Manusmriti with the Commentary of Medhatithi

by Ganganatha Jha | 1920 | 1,381,940 words | ISBN-10: 8120811550

This is the English translation of the Manusmriti, which is a collection of Sanskrit verses dealing with ‘Dharma’, a collective name for human purpose, their duties and the law. Various topics will be dealt with, but this volume of the series includes 12 discourses (adhyaya). The commentary on this text by Medhatithi elaborately explains various t...

Sanskrit text, Unicode transliteration and English translation by Ganganath Jha:

ब्रह्मोज्झता वेदनिन्दा कौटसाक्ष्यं सुहृद्वधः ।
गर्हितानाद्ययोर्जग्धिः सुरापानसमानि षट् ॥ ५६ ॥

brahmojjhatā vedanindā kauṭasākṣyaṃ suhṛdvadhaḥ |
garhitānādyayorjagdhiḥ surāpānasamāni ṣaṭ || 56 ||

Neglecting the Veda, reviling the Veda, bearing false witness, slaying a friend, and eating of forbidden and unfit food,—these six are equal to ‘wine-drinking.’—(56)

 

Medhātithi’s commentary (manubhāṣya):

After having learnt the Veda, if one forgets it on account of not keeping up its study, he is said to ‘neglect the Veda.’ Or it may stand for the disobedience of the injunction of Vedic study, as a compulsory duty.

Bearing false witness’—even on occasions other than for self-aggrandisement.

Slaying’—killing—‘of a friend.’

Eating of forbidden and unfit food.’—‘Forbidden,’ such as garlic and the rest; ‘unfit,’—i.e., unpleasant. If such food is intentionally eaten.—(56)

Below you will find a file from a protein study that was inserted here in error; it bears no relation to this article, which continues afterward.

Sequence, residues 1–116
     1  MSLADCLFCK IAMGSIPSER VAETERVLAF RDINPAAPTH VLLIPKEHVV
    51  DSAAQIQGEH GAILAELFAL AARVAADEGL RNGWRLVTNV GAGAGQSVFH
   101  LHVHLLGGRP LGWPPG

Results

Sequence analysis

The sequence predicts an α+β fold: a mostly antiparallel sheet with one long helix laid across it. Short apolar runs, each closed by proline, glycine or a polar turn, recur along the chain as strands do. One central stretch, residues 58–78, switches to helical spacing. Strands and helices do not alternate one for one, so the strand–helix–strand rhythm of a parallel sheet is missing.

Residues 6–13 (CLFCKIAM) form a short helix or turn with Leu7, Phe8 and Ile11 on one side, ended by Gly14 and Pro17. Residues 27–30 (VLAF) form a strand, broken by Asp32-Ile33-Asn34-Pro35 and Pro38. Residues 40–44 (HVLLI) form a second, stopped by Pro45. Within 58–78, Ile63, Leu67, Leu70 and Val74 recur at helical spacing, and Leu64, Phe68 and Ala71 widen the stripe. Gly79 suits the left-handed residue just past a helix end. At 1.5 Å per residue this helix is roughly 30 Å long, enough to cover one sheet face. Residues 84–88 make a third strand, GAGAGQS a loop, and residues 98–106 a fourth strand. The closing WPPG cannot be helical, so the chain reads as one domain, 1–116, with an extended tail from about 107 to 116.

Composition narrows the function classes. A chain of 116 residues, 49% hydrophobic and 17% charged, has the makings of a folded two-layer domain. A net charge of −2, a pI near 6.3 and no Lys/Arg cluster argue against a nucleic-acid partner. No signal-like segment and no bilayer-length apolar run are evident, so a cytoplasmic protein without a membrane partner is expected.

Explanatory notes by Ganganath Jha

This verse is quoted in Mitākṣarā (3.231), to the effect that though the offences here enumerated have been placed by Yājñavalkya in the same category as ‘Brāhmaṇa-slaughter’, while Manu classes them with ‘wine-drinking’,—yet all that this implies is that there are alternative expiatory rites.

It, is quoted in Aparārka (p. 1047), as placing on the same footing as ‘wine-drinking’, such offences as ‘forgetting’ and ‘reviling’ the Veda and the killing of a friend; and the meaning of this is that there are alternative expiatory rites;—it explains ‘anādyam’ as uneatable on account of bad smell and the like.

It is quoted in Parāśaramādhava (Prāyaścitta p. 293) in support of the view that these offences are ‘anupātakas’ ‘ancillary sins’, as distinguished from ‘upapātakas’ ‘minor sins’.

It is quoted in Madanapārijata (p. 807), which makes the same remark as Mitākṣarā;—and again on p. 825, where the following notes are added:—According to Smṛtimañjarī, ‘garhita’ stands for onions and such other forbidden food, and ‘anādya’ for impure food; while according to Kalpatarugarhita’ stands for such food as, though not forbidden by the scriptures, is deprecated by the people:—‘anādyam’, garlic and such things;—the eating of these things is equal to wine-drinking, only when it is done intentionally.

It is quoted in Prāyaścittaviveka (p. 177), which has the following notes—‘Brahmojjhatā’ means ‘forgetting the Veda through neglect of proper study,’—‘Vedanindā’, passing deprecatory remarks against the words and contents of the Vedas—‘Suhṛdvadha’, murdering of a friend other than the Brāhmaṇa,—‘garhītānna’ is ‘food of the lowest born’,—‘garhitādya’, is forbidden food, e.g., mushrooms and so forth, of which repeated eating is meant here. It notes the reading ‘garhitānādya’ as adopted by Kalpataru, which explains ‘garhita’ as ‘what is forbidden by the scriptures’, and ‘anādya’ as ‘what is very much deprecated among the people, such as garlic &c.’

 

Comparative notes by various authors

(verses 11.55-56)

See Comparative notes for Verse 11.56.